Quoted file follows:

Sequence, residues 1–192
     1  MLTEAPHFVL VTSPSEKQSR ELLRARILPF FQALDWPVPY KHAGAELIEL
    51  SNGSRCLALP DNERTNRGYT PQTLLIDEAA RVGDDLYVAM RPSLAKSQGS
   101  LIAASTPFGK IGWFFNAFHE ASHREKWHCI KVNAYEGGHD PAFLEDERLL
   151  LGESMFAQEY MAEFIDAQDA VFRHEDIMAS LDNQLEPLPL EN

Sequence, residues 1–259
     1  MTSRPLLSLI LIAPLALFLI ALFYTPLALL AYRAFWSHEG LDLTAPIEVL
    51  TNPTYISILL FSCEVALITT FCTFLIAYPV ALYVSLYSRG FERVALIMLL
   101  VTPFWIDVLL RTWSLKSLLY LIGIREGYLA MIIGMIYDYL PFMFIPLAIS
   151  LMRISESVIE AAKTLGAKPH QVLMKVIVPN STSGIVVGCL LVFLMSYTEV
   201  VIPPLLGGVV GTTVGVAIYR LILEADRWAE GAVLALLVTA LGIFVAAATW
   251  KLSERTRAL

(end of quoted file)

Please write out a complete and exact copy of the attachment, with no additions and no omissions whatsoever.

Sequence, residues 1–192
     1  MLTEAPHFVL VTSPSEKQSR ELLRARILPF FQALDWPVPY KHAGAELIEL
    51  SNGSRCLALP DNERTNRGYT PQTLLIDEAA RVGDDLYVAM RPSLAKSQGS
   101  LIAASTPFGK IGWFFNAFHE ASHREKWHCI KVNAYEGGHD PAFLEDERLL
   151  LGESMFAQEY MAEFIDAQDA VFRHEDIMAS LDNQLEPLPL EN

Sequence, residues 1–259
     1  MTSRPLLSLI LIAPLALFLI ALFYTPLALL AYRAFWSHEG LDLTAPIEVL
    51  TNPTYISILL FSCEVALITT FCTFLIAYPV ALYVSLYSRG FERVALIMLL
   101  VTPFWIDVLL RTWSLKSLLY LIGIREGYLA MIIGMIYDYL PFMFIPLAIS
   151  LMRISESVIE AAKTLGAKPH QVLMKVIVPN STSGIVVGCL LVFLMSYTEV
   201  VIPPLLGGVV GTTVGVAIYR LILEADRWAE GAVLALLVTA LGIFVAAATW
   251  KLSERTRAL